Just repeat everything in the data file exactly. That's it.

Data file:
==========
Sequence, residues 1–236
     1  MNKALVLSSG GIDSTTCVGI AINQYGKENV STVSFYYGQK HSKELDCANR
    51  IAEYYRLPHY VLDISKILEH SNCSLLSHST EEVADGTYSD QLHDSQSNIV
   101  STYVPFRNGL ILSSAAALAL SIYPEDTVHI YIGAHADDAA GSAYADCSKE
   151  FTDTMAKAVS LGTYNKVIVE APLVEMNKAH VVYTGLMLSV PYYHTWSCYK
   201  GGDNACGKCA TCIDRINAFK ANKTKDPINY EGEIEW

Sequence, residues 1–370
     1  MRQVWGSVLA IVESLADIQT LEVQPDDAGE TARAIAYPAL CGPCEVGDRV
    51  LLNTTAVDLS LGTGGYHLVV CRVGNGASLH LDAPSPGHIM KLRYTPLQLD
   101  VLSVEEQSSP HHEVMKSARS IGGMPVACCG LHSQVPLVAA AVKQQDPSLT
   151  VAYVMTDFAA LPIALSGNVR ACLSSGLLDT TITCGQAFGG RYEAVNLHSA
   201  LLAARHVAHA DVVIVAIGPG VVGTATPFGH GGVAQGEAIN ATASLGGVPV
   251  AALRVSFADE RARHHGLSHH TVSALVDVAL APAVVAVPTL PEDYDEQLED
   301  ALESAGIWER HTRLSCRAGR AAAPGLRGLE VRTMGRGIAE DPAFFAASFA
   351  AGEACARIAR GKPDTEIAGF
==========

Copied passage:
Sequence, residues 1–236
     1  MNKALVLSSG GIDSTTCVGI AINQYGKENV STVSFYYGQK HSKELDCANR
    51  IAEYYRLPHY VLDISKILEH SNCSLLSHST EEVADGTYSD QLHDSQSNIV
   101  STYVPFRNGL ILSSAAALAL SIYPEDTVHI YIGAHADDAA GSAYADCSKE
   151  FTDTMAKAVS LGTYNKVIVE APLVEMNKAH VVYTGLMLSV PYYHTWSCYK
   201  GGDNACGKCA TCIDRINAFK ANKTKDPINY EGEIEW

Sequence, residues 1–370
     1  MRQVWGSVLA IVESLADIQT LEVQPDDAGE TARAIAYPAL CGPCEVGDRV
    51  LLNTTAVDLS LGTGGYHLVV CRVGNGASLH LDAPSPGHIM KLRYTPLQLD
   101  VLSVEEQSSP HHEVMKSARS IGGMPVACCG LHSQVPLVAA AVKQQDPSLT
   151  VAYVMTDFAA LPIALSGNVR ACLSSGLLDT TITCGQAFGG RYEAVNLHSA
   201  LLAARHVAHA DVVIVAIGPG VVGTATPFGH GGVAQGEAIN ATASLGGVPV
   251  AALRVSFADE RARHHGLSHH TVSALVDVAL APAVVAVPTL PEDYDEQLED
   301  ALESAGIWER HTRLSCRAGR AAAPGLRGLE VRTMGRGIAE DPAFFAASFA
   351  AGEACARIAR GKPDTEIAGF